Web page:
Mon Feb 22, 2016 11:36PM
A train moves cargo containers full of US ammunition at the port of Nordenham, in the Wesermarsch district Lower Saxony, Germany.
A train moves cargo containers full of US ammunition at the port of Nordenham, in the Wesermarsch district Lower Saxony, Germany.

The United States has sent more than 5,000 tons of ammunition to its army depot in Germany, a move aimed at increasing military activities in Europe.

The cargo, the largest single Europe-bound shipment in more than a decade, was sent to the American depot in Miesau, the US Army's largest munitions store outside the USA.

The freight contained a variety of small arms, combat vehicle ammunition, artillery rounds and similar munitions.

Russia has accused the Western powers of fighting "a new Cold War" after Moscow came under pressure from the US and NATO over its policy towards Syria and Ukraine.

Russian Prime Minister Dmitry Medvedev told the Munich Security Conference on Saturday that NATO's stance on Russia remained "unfriendly and opaque."

"One could go so far as to say we have slid back to a new Cold War," he said, adding, "Sometimes, I wonder whether it is 2016 we are living in, or 1962."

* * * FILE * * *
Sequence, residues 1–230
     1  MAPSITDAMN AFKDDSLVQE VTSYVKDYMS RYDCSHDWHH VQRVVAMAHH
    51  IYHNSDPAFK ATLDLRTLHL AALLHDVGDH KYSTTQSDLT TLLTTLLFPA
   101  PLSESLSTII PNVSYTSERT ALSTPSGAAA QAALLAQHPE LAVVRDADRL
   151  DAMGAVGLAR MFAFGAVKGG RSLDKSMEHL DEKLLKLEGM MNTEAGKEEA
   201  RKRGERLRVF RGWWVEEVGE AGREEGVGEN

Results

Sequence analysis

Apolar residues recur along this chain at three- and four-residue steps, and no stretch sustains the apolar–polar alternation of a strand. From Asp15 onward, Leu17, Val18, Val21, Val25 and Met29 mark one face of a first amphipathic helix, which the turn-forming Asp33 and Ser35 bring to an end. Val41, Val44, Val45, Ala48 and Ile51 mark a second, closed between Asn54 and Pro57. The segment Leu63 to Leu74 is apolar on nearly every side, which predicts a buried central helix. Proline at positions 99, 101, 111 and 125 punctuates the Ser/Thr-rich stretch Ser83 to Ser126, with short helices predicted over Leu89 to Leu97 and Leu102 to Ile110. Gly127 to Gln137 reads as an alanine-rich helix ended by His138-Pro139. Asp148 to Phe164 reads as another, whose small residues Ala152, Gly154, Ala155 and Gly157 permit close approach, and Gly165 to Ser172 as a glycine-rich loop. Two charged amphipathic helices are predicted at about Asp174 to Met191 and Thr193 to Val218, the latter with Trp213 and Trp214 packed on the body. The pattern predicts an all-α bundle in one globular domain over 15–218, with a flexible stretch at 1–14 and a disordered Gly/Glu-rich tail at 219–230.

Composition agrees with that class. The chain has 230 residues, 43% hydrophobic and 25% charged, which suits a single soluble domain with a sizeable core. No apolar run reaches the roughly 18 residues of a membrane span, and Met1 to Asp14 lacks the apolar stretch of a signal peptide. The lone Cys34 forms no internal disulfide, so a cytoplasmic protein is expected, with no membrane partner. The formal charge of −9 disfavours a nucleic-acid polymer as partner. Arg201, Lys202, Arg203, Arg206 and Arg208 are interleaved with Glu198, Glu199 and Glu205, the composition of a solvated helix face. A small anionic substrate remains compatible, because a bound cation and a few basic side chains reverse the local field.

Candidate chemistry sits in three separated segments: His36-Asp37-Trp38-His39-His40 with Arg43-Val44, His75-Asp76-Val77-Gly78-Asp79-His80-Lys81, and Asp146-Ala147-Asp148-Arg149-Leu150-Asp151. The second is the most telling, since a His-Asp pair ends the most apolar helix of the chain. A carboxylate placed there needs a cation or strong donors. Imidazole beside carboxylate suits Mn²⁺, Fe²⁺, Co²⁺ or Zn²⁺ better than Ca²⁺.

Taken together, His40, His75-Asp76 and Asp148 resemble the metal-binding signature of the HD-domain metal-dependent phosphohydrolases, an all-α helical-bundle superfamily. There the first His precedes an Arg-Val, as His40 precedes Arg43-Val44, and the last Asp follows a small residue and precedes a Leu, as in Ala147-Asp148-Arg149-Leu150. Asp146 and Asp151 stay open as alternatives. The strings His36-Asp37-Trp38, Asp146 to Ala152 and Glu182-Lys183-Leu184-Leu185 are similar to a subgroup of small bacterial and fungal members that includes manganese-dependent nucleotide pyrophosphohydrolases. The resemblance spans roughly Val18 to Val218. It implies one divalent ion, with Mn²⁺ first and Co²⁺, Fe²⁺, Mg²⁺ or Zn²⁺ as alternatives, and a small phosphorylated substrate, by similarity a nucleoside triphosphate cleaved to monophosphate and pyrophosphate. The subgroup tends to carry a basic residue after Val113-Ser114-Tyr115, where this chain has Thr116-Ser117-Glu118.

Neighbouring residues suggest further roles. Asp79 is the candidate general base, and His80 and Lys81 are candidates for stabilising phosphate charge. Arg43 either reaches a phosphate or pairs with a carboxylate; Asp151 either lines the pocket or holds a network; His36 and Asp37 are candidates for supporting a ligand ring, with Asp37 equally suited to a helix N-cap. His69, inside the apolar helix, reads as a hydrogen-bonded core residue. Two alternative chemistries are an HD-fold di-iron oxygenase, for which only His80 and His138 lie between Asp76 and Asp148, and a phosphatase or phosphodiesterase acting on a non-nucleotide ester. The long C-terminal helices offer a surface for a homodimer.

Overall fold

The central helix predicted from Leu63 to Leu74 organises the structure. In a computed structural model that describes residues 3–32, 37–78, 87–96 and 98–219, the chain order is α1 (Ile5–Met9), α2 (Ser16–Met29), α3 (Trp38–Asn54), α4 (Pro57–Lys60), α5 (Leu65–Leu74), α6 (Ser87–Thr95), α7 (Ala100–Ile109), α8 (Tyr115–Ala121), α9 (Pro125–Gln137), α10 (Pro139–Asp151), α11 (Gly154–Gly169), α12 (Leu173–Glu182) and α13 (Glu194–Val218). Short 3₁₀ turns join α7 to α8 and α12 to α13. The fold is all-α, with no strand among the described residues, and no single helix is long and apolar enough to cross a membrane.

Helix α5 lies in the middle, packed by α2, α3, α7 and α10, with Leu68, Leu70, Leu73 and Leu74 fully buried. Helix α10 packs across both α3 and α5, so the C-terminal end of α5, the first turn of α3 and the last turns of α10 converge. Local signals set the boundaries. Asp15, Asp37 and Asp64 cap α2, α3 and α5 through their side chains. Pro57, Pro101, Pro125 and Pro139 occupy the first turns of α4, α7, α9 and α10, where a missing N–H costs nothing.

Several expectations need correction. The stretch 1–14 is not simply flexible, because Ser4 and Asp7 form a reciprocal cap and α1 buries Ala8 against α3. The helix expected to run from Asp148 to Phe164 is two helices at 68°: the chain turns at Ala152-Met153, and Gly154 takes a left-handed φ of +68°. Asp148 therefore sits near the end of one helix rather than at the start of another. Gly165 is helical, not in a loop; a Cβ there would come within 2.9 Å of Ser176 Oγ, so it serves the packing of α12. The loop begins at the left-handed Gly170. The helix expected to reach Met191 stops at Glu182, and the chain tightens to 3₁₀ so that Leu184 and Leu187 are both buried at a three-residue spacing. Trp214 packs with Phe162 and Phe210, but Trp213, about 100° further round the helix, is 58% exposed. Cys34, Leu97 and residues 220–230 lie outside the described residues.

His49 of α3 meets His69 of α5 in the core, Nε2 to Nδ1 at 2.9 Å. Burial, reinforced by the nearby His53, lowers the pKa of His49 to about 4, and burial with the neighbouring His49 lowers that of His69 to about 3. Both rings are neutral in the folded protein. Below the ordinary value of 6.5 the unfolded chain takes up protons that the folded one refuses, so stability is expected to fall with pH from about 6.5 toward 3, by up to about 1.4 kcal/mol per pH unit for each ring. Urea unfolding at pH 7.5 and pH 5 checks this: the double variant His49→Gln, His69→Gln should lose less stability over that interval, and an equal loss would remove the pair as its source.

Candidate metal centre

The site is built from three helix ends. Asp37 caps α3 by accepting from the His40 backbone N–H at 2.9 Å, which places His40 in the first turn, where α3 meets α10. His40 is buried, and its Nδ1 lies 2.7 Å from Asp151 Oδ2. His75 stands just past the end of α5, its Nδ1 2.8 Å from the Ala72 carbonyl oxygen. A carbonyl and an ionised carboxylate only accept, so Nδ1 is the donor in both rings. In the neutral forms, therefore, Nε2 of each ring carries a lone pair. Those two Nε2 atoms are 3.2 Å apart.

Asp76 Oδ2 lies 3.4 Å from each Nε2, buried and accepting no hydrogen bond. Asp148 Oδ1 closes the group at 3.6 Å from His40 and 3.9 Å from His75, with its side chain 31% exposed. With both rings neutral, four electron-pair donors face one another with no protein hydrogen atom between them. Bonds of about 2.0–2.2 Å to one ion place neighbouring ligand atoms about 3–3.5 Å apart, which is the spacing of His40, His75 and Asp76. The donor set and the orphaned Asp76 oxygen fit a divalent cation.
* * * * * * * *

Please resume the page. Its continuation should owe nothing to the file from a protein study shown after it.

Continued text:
US Colonel Matthew Redding said on Sunday that the American shipment will strengthen the NATO members.

"This critical shipment will help us continue to enable the NATO alliance," Redding told US military newspaper Stars and Stripes on Sunday. "The fact that it's the biggest single shipment in 10 years demonstrates our continued commitment to the defense of our allies."

This "allows US and NATO forces to quickly access ammunition and other supplies for short notice NATO operations," he added.

NATO forces will rely on the new stockpile during a US Army Europe training exercise in 2016 known as Anakonda, which will be held in Poland in June and will involve 20,000 multinational troops.

Anakonda, one of US Army Europe’s premier multinational training events, is a Polish national exercise that aims to train, exercise and integrate Polish national command and force structures into an allied, joint, multinational environment.

According to a new study published by the Stockholm International Peace Research Institute (SIPRI) on Monday, the US has expanded its weapons business by increasing global arms sales amid rising imports by Africa, Asia and the Middle East.

The study shows that the volume of international transfers of major weapons, including sales and donations, was 14 percent higher in 2011-2015 than over the five previous years, with the US and Russia doing most of the exporting.

The biggest importers were India, Saudi Arabia, China and the United Arab Emirates.